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Is an increased anion gap seen with intermittent fasting and/or a low carb diet?

Intermittent fasting refers to various regimens that restrict dietary intake via alternate day fasting, calorie restriction on schedule days, eating within a specific timeframe, or fasting protocols for religious purposes.

  • Human and animal research suggests that intermittent fasting can help promote weight loss, improve glucose and insulin regulation, and have some beneficial effects on inflammatory markers, adiponectin, and leptin.
  • Research from NHANES studies suggests that restricting nighttime eating (after 5pm) to less than 30% of total calories significantly improved HbA1c and CRP in women.
  • 11 of 16 intervention trials reviewed resulted in weight loss using intermittent fasting
  • Alternate-day fasting is not superior to restricted time eating and was associated with intense hunger on fasting days.
  • Further human research must be done to confirm clinical outcomes associated with intermittent fasting, diabetes, cardiovascular disease, or other chronic diseases.
  • Intermittent doesn’t appear to be associated with changes in anion gap and is different from “low carb” diets which can be detrimental.

A “low carb” diet that is not medically necessary (e.g., cancer therapy, intractable seizures, other neurodegenerative disorders) can be detrimental. Effects can progress from ketosis to ketoacidosis which is characterized by a decrease in pH, decreased serum bicarb, and electrolyte abnormalities, so you will see an increased anion gap. If not corrected, ketoacidosis can lead to acute pancreatitis, hypoglycemia, and dyslipidemia, especially in diabetics.    

 Blanco, Joanna C et al. “Starvation Ketoacidosis due to the Ketogenic Diet and Prolonged Fasting - A Possibly Dangerous Diet Trend.” The American journal of case reports vol. 20 1728-1731. 22 Nov. 2019.

It’s important to define “low carb” and what that translates into:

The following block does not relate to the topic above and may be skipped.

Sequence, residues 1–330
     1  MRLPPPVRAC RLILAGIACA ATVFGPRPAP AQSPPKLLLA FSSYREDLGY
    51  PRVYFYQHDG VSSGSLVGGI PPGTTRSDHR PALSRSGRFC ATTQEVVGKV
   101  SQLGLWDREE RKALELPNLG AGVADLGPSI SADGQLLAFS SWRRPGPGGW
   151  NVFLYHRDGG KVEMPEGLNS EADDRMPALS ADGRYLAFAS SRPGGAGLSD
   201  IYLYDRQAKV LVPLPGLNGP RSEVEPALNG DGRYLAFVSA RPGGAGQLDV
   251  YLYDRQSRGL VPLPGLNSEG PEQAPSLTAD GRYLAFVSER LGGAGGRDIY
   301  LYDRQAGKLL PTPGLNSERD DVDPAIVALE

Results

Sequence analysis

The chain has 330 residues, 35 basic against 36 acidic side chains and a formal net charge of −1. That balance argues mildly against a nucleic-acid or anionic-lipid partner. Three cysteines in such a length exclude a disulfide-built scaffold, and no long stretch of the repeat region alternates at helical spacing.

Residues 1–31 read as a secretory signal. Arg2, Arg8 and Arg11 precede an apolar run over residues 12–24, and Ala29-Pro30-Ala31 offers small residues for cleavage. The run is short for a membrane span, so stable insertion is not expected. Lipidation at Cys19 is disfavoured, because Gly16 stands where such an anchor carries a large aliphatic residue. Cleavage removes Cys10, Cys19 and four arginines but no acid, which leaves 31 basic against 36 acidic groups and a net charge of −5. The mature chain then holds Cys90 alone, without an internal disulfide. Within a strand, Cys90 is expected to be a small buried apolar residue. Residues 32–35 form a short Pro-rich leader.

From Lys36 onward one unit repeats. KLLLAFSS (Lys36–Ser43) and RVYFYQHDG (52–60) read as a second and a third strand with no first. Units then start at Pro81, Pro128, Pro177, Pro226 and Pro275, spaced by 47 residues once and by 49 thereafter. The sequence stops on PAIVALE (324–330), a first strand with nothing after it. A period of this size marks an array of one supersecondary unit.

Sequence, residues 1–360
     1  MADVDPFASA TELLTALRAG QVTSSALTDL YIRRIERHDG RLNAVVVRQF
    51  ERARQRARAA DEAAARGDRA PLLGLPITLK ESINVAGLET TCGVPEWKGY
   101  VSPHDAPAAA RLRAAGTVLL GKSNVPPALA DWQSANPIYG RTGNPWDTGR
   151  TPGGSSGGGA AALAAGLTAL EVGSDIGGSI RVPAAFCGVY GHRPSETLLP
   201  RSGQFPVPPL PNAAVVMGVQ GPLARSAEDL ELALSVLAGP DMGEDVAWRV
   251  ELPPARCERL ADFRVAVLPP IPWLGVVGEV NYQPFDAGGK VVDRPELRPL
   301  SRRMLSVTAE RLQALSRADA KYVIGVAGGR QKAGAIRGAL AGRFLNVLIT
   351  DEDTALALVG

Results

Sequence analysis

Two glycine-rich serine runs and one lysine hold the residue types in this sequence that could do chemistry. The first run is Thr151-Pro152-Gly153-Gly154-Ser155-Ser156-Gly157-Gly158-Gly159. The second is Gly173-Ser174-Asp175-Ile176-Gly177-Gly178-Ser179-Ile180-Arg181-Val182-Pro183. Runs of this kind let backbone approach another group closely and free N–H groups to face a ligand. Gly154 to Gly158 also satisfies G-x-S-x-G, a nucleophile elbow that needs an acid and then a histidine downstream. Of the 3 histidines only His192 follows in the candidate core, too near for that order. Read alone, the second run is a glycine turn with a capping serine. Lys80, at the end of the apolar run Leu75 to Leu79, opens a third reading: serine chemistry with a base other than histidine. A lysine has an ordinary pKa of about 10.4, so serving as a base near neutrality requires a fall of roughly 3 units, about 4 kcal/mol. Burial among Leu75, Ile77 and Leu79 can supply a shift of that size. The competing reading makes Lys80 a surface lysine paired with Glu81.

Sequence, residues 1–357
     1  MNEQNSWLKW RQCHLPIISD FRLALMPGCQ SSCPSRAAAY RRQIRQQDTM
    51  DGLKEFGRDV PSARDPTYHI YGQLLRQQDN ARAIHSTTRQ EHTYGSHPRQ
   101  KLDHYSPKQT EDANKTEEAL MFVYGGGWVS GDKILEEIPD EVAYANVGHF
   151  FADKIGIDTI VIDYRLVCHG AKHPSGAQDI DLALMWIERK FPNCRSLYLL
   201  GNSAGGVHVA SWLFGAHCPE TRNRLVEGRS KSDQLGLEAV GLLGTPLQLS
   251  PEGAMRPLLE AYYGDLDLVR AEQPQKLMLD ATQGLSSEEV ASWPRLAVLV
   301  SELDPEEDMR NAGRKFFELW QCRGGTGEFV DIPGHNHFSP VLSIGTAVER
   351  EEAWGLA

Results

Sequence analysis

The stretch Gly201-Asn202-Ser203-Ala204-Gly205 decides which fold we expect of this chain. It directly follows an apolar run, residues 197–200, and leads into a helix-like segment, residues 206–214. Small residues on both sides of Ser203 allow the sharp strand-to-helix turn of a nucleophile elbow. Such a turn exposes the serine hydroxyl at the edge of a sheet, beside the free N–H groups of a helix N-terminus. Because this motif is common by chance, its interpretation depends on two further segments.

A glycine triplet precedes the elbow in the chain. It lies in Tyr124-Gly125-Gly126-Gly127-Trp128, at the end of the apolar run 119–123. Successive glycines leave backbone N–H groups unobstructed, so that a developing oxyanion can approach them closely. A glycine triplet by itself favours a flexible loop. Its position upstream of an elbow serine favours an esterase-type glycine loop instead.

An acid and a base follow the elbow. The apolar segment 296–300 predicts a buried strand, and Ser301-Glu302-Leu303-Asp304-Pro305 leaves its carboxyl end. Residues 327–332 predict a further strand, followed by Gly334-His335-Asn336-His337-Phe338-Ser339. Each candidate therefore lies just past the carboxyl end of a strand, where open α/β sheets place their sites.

• Very low-carbohydrate (< 10% carbohydrates) or 20-50 gm/day
  • Low-carbohydrate (<26% carbohydrates) or less than < 130 gm/day
  • Moderate-carbohydrate (26%-44%)
  • High-carbohydrate (45% or greater)
  • The Institute of Medicine proposes Americans obtain 45%-65% of calories from carbohydrates
  • Epidemiological studies and meta-analysis have shown an increased risk of mortality with carbohydrate intake <40%.
  • Restricting carbohydrate intake to less than 50 grams/day depletes glycogen stores and stimulates ketone production from stored fat.
  • Nutritional ketosis can increase serum ketones to 1-7 mmol/L without metabolic acidosis while diabetic ketoacidosis is characterized by serum ketones over 20 mmol/L.

Oh, Robert, et al. “Low Carbohydrate Diet.” StatPearls, StatPearls Publishing, 9 July 2020.

Note that the RDA for carbohydrate is 130 grams per day, representing the amount of glucose the brain uses on a daily basis for adults and children.    

Slavin, Joanne, and Justin Carlson. “Carbohydrates.” Advances in nutrition (Bethesda, Md.) vol. 5,6 760-1. 14 Nov. 2014

High anion gap metabolic acidosis was diagnosed in a 31-year old man following a low carbohydrate (less than 20 grams/day) for one week. He presented with serum bicarbonate of 9.2 mEq/L, anion gap of 20 mEq/L, blood glucose of 86 mg/dL, serum ketones 2+, and serum lactate 1.4 mEq/L, shortness of breath, and palpitations.        

Basnet, Sijan et al. “Severe anion gap metabolic acidosis associated with initiation of a very low-carbohydrate diet.” Journal of community hospital internal medicine perspectives vol. 9,2 165-167. 12 Apr. 2019

Although weight loss may be associated with low carb diets, the risks may outweigh the benefits.